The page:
Guitars are pretty durable instruments, but don’t let that fool you into thinking they’re indestructible. I’ve seen more than one guitar ruined by poor care and maintenance.
Playing a poorly maintained guitar is a real pain, especially if you’re just starting guitar lessons. It doesn’t sound good, it doesn’t feel right, and it makes practicing the things you’ve learned at your guitar lessons a real chore.
So, I thought I’d share some tips on how to keep your guitar in excellent, playable condition. Follow these five guitar care tips, and your guitar should provide years of beautiful music.
1. Don’t Leave Your Guitar in the Car
It’s nice to have a guitar with you wherever you go, but leaving your guitar out in your car can really do a number on it.
The temperature inside a car changes a ton. During the summer, you might drive with the AC on, lowering the interior temperature to 65 degrees or so. Then, you leave your car sitting in the sun, and the temperature can quickly rise to more than 100 degrees, even if it’s only 80 degrees outside. Extremes in temperature, and especially rapid changes between those extremes can cause your precious guitar to warp.
You might not notice a difference at first, but you’ll soon start to wonder why your guitar doesn’t stay in tune as you go up the neck, or why it has started buzzing when you play chords. Constant temperature changes can even cause your guitar to fall apart. Yikes!
The bottom line is this: don’t keep your guitar in your car! See also: heat vents, wood stoves, fireplaces, and radiators.
If you absolutely must have a guitar with you wherever you go, leave your nice one at home, and invest in a beater guitar that you don’t care too much about.
2. Humidify Your Guitar
If you live in a humid climate, this might not be an issue for you. But for those of you who reside in dry parts of the country, a guitar humidifier is an excellent investment. There are a few different types of guitar humidifiers. I prefer the clay ones, but any of them will work.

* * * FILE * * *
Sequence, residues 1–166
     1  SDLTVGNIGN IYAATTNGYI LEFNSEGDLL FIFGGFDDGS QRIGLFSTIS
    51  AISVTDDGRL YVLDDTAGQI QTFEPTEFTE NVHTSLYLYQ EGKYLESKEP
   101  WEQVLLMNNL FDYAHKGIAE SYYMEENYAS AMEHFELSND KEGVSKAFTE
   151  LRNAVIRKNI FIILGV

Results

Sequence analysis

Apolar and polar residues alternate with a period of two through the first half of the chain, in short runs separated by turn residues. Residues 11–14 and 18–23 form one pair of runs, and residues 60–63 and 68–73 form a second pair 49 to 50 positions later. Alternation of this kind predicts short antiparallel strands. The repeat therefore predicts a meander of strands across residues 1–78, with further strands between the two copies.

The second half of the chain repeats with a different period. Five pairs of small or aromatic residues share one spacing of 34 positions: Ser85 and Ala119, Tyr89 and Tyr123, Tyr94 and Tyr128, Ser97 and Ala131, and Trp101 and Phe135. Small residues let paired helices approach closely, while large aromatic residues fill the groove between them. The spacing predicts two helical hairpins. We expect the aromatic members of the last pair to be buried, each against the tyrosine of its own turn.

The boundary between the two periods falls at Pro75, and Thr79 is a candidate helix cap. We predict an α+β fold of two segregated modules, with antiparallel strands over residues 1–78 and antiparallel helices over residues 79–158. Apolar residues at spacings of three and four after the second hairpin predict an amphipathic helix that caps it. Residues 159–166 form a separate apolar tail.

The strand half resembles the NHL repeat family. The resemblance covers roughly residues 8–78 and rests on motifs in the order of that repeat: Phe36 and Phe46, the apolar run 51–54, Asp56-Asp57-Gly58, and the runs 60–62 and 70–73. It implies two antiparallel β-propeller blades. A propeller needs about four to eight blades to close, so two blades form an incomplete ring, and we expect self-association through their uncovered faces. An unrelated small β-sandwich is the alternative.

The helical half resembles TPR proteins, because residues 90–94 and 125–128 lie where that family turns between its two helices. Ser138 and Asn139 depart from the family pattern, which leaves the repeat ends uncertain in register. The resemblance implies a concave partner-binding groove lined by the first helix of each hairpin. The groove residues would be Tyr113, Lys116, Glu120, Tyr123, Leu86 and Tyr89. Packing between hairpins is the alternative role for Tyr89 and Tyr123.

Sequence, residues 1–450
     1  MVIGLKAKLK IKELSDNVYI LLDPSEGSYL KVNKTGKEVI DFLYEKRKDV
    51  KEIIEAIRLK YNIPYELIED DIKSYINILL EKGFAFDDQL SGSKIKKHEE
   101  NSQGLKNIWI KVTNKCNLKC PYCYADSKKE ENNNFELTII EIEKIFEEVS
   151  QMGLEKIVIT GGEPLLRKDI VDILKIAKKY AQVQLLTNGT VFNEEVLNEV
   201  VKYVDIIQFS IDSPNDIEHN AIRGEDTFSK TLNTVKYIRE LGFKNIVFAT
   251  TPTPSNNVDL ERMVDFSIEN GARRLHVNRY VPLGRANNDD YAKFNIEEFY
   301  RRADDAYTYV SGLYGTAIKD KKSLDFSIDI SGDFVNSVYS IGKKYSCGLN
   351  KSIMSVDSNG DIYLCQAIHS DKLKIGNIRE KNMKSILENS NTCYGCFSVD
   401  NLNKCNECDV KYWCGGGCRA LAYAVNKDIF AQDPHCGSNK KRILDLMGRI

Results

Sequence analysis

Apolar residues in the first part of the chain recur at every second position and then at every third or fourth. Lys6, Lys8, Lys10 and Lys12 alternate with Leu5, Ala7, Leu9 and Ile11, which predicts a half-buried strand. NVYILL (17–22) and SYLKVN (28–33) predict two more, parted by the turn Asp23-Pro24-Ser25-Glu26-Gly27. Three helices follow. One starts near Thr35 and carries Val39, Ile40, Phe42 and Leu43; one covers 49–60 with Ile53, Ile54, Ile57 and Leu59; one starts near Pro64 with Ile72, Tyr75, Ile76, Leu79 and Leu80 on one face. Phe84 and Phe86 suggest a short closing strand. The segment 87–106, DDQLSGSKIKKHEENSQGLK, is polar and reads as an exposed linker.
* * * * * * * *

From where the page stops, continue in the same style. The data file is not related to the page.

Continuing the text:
Excessively dry guitars can develop all sorts of problems, including cracks, loose frets, and detached bridges. So, if you want your guitar to last, keep it humidified.
3. String Theory
There are a lot of different types of guitar strings out there, but not all of them are right for your guitar. Here are a few tips on guitar strings:
- Never put steel strings on a nylon-string guitar! Classical guitars are not built for the tension steel strings create, and you could warp or break your guitar’s neck.
- Don’t put nylon strings on a steel-string guitar, either. Nylon strings will not sound right on your steel-string acoustic.
- While you could (in theory) use acoustic strings on an electric guitar and vice-versa, it’s not a good idea. It probably won’t sound good. Of course “good sound” is relative, so your mileage may vary.
- Change your strings often. If you play a lot, you should probably put new strings on every two weeks. If you play less, it’s still a good idea to change your strings at least every few months, because guitar strings lose their elasticity over time, which can put extra tension on your guitar’s neck.
- Change strings one at a time. When you remove your guitar’s strings, the tension on the neck is released. If you remove them all at once, then put new ones back on, you’re creating a big change in neck tension over a short period of time, which isn’t necessarily going to ruin your guitar, but isn’t really good for it, either.
4. Get a Case and a Stand
If you don’t have a guitar case, then you’re asking for trouble. The more protective your case is, the longer your guitar is likely to last. Flight cases are the best, but they’re quite expensive. Unless you’re a touring musician or someone who frequently travels with your guitar, you probably don’t need one of those.
A regular hard case should suit the needs of the average guitar player quite nicely. Gig bags and cardboard cases do offer some protection, but not much.
Also, if you like to keep your guitar out of the case, get a guitar stand. A good guitar stand will keep your instrument from getting knocked over or stepped on. Plus, you’ll probably play more if your guitar is close at hand.
5. Keep it Clean
Every so often, you’ll notice that your guitar is losing some of its luster. When that happens, it’s probably time for a good cleaning.
The rule about changing your strings one at a time doesn’t apply here. You’ll want to remove all the strings so you can get to all the nooks and crannies.
First, get rid of all the grime, dust, and sweat. If a soft, dry rag isn’t doing the trick, it’s OK to get it damp. Just make sure you wring it out so you don’t get too much water on your guitar.
Next, use a toothbrush water, and Murphy’s Oil soap to clean any gunk from the fretboard. Dry it off, then give it a good rubdown with some white mineral oil, linseed oil, or olive oil. Don’t leave any excess oil.
Finally, put your new strings on, and stretch them as usual.
That’s all for now. Thanks for reading. Oh, and if you’re looking for guitar lessons in Portland, I’d love to be your teacher.